Interwoven, a new art exhibition featuring the work of artists Ann Weber and Jason Keam, opened Thursday, filling Fullerton College’s art gallery with intricate shapes and abstract designs.
“This is the first time we have gotten to work with sculptures this large so seeing them come in was just amazing and the paintings are just so abstract,” said Sheri Meinburg, a studio and art history major at Fullerton. “They keep you looking and guessing and thinking ‘Wow, what else can I see that’s new in them.'”
Every painting and sculpture exudes a personality of its own. Weber’s work being massive in size, feels like every piece is speaking to a different stage or walks of life that people lead. Keam’s artwork is like a punch in the face at first glance. The wild designs and colors, almost Picasso-like, seem to take on their own persona while viewing them, as a glimpse of a face or a hand can be seen if you look closely.
“I didn’t choose Fullerton College, Fullerton College chose me,” said Weber, “I really love to show my work at colleges because it gives me a chance to talk to students that are aspiring artists. I think it’s really important for them to see as much art as they can and talk to as many artists as they can because it really helped me to grow when I was an art student.”
While the two artists work seem to come together in this impressionistic exhibition, their journeys couldn’t be more different from each other.
Weber got her start working with ceramics and while working with artist Viola Frey, took inspiration and influence in the massive scale of their art. Cardboard has allowed her to make her huge art-pieces, having them be lightweight while also being easier to work with than clay.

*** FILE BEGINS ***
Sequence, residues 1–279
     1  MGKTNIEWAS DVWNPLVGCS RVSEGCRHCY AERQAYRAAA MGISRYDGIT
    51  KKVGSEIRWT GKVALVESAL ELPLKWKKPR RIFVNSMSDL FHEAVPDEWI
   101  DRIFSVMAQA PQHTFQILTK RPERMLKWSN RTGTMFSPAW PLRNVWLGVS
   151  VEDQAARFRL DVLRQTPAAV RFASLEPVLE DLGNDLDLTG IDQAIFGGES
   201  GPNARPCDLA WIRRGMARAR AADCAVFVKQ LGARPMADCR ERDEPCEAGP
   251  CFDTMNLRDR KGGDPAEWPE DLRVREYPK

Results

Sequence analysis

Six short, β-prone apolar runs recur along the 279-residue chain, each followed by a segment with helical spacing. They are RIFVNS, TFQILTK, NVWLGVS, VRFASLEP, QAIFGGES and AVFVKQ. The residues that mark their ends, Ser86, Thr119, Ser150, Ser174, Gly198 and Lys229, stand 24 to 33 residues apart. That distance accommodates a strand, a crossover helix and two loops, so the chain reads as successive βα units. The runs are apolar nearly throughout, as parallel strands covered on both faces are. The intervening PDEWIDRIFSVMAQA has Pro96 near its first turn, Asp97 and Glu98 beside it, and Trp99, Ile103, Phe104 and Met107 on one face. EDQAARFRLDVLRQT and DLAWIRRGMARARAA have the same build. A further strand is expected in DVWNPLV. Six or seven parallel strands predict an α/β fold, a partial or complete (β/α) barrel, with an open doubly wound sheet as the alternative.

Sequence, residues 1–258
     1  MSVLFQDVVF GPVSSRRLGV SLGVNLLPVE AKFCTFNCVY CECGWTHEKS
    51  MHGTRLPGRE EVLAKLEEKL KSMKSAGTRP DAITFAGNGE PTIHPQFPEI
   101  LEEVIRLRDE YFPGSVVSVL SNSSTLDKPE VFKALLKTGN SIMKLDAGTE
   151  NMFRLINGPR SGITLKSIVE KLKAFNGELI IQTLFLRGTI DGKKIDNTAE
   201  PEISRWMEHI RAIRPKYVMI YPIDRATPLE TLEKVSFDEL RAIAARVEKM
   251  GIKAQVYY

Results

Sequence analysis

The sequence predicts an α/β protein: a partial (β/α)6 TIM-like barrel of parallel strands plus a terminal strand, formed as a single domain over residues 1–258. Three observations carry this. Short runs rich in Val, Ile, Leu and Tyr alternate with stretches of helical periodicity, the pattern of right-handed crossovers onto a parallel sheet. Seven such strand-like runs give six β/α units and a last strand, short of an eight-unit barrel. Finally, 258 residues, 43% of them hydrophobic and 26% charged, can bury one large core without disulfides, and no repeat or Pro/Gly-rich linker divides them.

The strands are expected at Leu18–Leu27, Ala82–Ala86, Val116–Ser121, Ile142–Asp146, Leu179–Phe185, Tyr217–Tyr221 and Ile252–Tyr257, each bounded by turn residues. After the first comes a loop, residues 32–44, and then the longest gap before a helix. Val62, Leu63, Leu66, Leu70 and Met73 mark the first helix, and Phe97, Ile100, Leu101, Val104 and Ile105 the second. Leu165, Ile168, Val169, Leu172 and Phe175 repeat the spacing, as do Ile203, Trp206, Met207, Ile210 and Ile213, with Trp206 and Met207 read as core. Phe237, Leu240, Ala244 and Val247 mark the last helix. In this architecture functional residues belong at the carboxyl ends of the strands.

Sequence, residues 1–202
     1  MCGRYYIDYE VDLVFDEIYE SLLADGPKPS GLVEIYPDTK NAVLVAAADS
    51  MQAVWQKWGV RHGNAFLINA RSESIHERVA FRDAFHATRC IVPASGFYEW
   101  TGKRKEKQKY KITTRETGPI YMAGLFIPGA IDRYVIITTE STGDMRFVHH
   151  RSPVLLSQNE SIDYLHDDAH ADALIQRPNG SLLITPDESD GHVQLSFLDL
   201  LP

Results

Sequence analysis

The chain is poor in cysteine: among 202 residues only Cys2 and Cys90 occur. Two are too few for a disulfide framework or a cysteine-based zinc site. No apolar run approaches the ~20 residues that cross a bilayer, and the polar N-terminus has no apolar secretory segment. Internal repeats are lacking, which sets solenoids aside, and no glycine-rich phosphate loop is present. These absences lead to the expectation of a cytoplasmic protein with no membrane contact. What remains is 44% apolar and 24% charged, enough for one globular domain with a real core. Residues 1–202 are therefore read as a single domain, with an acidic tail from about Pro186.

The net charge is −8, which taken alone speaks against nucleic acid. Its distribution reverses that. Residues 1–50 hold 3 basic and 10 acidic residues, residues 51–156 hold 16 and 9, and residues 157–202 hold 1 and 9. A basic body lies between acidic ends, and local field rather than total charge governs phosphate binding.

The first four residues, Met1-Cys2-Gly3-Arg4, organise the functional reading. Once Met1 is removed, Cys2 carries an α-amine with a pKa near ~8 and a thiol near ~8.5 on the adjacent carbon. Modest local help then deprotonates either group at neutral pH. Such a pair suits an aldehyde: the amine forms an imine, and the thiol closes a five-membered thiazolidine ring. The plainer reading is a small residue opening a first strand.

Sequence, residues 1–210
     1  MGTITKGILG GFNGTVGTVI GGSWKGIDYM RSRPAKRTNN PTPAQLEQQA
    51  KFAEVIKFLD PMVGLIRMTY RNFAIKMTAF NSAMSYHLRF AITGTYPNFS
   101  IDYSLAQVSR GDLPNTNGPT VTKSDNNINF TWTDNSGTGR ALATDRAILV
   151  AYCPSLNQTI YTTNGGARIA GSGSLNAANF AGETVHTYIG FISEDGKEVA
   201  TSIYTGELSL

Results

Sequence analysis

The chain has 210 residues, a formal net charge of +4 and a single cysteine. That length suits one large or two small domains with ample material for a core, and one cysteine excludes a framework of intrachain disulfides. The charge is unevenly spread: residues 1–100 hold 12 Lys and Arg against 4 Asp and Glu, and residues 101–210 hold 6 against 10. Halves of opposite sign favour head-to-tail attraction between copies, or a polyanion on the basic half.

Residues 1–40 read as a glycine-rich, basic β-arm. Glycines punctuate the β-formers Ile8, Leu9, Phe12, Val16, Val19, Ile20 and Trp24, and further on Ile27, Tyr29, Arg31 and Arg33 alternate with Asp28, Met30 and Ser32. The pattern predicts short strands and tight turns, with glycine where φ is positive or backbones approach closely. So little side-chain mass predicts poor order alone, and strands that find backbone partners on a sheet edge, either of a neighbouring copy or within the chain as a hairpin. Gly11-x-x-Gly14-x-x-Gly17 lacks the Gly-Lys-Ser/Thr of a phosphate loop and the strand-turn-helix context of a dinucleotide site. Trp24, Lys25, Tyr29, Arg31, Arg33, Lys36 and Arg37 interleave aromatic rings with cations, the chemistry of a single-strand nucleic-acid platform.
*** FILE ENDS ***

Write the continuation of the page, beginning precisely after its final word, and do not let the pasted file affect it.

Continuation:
“The sculptures feel like the rudiments of piñata making,” said student Angel Valencia. “I thought that it’s interesting how the concept was brought out in a different form of art without the decorations on it, just the shell of the piñata.”
Keam got his start in animation and visual effects. He has a huge influence in the Long Beach art scene and has since created murals not only for the city of Long Beach, but around the world.
“I think that this gallery is something that the students of Fullerton College haven’t seen before,” says Meinburg. “It’s definitely different from our student and faculty art shows. It’s even different than our past featured artists. This is so abstract that I think it will feel very different and feel very unexpected to the students.”
The exhibition will be open from Oct. 27 through Nov. 28 giving students a month to see memories and human experiences in the eyes of Weber and Keam. You can see the gallery from Monday through Thursday from 10 a.m. to 12 p.m. or 2 p.m. to 4 p.m. each week until it closes.